Asbtract: This work presents methods for estimating genotype-specific distributions from genetic epidemiology studies where the event times are subject to right censoring, the genotypes are not directly observed, and the data arise from a mixture of scientifically meaningful subpopulations. Examples of such studies include kin-cohort studies and quantitative trait locus (QTL) studies. Current methods for analyzing censored mixture data include two types of nonparametric maximum likelihood estimators (NPMLEs) which do not make parametric assumptions on the genotype-specific density functions. Although both NPMLEs are commonly used, we show that one is inefficient and the other inconsistent. To overcome these deficiencies, we propose three classes of consistent nonparametric estimators which do not assume parametric density models and are easy to implement. They are based on the inverse probability weighting (IPW), augmented IPW (AIPW), and nonparametric imputation (IMP). The AIPW achieves the efficiency bound without additional modeling assumptions. Extensive simulation experiments demonstrate satisfactory performance of these estimators even when the data are heavily censored. We apply these estimators to the Cooperative Huntington's Observational Research Trial (COHORT), and provide age-specific estimates of the effect of mutation in the Huntington gene on mortality using a sample of family members. The close approximation of the estimated non-carrier survival rates to that of the U.S. population indicates small ascertainment bias in the COHORT family sample. Our analyses underscore an elevated risk of death in Huntington gene mutation carriers compared to non-carriers for a wide age range, and suggest that the mutation equally affects survival rates in both genders. The estimated survival rates are useful in genetic counseling for providing guidelines on interpreting the risk of death associated with a positive genetic testing, and in facilitating future subjects at risk to make informed decisions on whether to undergo genetic mutation testings.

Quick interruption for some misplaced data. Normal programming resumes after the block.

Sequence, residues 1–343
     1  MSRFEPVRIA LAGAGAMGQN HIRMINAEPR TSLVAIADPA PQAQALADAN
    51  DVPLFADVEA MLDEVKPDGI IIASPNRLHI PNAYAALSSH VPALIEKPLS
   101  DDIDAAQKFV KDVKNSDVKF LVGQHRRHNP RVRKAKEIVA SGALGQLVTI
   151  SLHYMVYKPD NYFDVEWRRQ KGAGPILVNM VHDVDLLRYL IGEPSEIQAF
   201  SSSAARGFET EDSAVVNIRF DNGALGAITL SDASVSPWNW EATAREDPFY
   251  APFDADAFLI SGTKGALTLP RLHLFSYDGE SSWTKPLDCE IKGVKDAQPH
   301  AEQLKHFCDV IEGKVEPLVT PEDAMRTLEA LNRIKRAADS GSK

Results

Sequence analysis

**August 31, 2012**

Mohamad Khaled

Business School, University of Technology Sydney

Title:

**Copula parameterizations for binary tables**

Asbtract: There exists a large class of parameterizations for contingency tables, such as marginal log-linear and graphical models. Copula models have only recently started to be widely used for modelling dependence among discrete variables but with no clear connection to the prevalent existing methodologies for contingency tables. This paper develops a rigorous mathematical framework showing some existence and identification criteria linking a sub-class of marginal log-linear models with copula parameterizations in binary contingency tables. Using combinatoric results such as Mobius inversion in lattices, a bijective mapping between the different parameterizations is derived. Several illustrative examples are given as well.

**March 30, 2012**

David Hobson

Department of Statistics, University of Warwick

David Hobson

Title:

**Robust hedging of variance swaps**